When a valve is not seating tightly due to a build up of combustion deposits guttering ( or burning or leakage ) takes place. Such deposits can chip away leaving a channel for exhaust gas leakage followed by the formation of corrosive gutters.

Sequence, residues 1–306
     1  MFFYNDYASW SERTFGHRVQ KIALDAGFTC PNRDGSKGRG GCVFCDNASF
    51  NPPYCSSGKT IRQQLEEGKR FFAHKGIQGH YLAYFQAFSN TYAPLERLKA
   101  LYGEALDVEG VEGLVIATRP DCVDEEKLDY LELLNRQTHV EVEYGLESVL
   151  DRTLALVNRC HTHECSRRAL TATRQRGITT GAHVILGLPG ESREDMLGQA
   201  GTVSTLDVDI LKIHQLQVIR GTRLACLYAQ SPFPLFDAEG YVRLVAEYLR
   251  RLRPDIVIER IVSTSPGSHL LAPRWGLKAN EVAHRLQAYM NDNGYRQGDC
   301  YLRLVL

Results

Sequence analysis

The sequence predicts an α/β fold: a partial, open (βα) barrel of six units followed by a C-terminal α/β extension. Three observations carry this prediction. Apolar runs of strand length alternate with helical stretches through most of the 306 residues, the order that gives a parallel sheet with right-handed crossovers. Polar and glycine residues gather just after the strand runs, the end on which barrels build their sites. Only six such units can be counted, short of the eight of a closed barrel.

Indentations may be discovered after a valve is carefully cleaned of deposits filling pits making them look like corrosion pits. This is indentive wear which can be caused by combustion deposits embedded into the valve face while on the seat. This is a perfect example of why high temperature hardness is an important characteristic in valve alloys. The higher the valve material hardness, the more it will resist such indentations.